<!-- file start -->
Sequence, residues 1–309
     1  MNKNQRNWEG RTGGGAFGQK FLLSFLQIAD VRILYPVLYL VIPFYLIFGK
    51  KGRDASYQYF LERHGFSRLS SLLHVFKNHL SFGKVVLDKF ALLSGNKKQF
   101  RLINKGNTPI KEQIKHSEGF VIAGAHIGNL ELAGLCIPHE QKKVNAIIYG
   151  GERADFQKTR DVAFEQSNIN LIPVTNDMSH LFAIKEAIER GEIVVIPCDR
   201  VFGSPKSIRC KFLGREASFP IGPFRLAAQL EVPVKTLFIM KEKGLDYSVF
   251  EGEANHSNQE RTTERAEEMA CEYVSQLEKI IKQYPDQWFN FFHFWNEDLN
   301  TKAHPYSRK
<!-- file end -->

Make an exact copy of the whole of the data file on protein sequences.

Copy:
Sequence, residues 1–309
     1  MNKNQRNWEG RTGGGAFGQK FLLSFLQIAD VRILYPVLYL VIPFYLIFGK
    51  KGRDASYQYF LERHGFSRLS SLLHVFKNHL SFGKVVLDKF ALLSGNKKQF
   101  RLINKGNTPI KEQIKHSEGF VIAGAHIGNL ELAGLCIPHE QKKVNAIIYG
   151  GERADFQKTR DVAFEQSNIN LIPVTNDMSH LFAIKEAIER GEIVVIPCDR
   201  VFGSPKSIRC KFLGREASFP IGPFRLAAQL EVPVKTLFIM KEKGLDYSVF
   251  EGEANHSNQE RTTERAEEMA CEYVSQLEKI IKQYPDQWFN FFHFWNEDLN
   301  TKAHPYSRK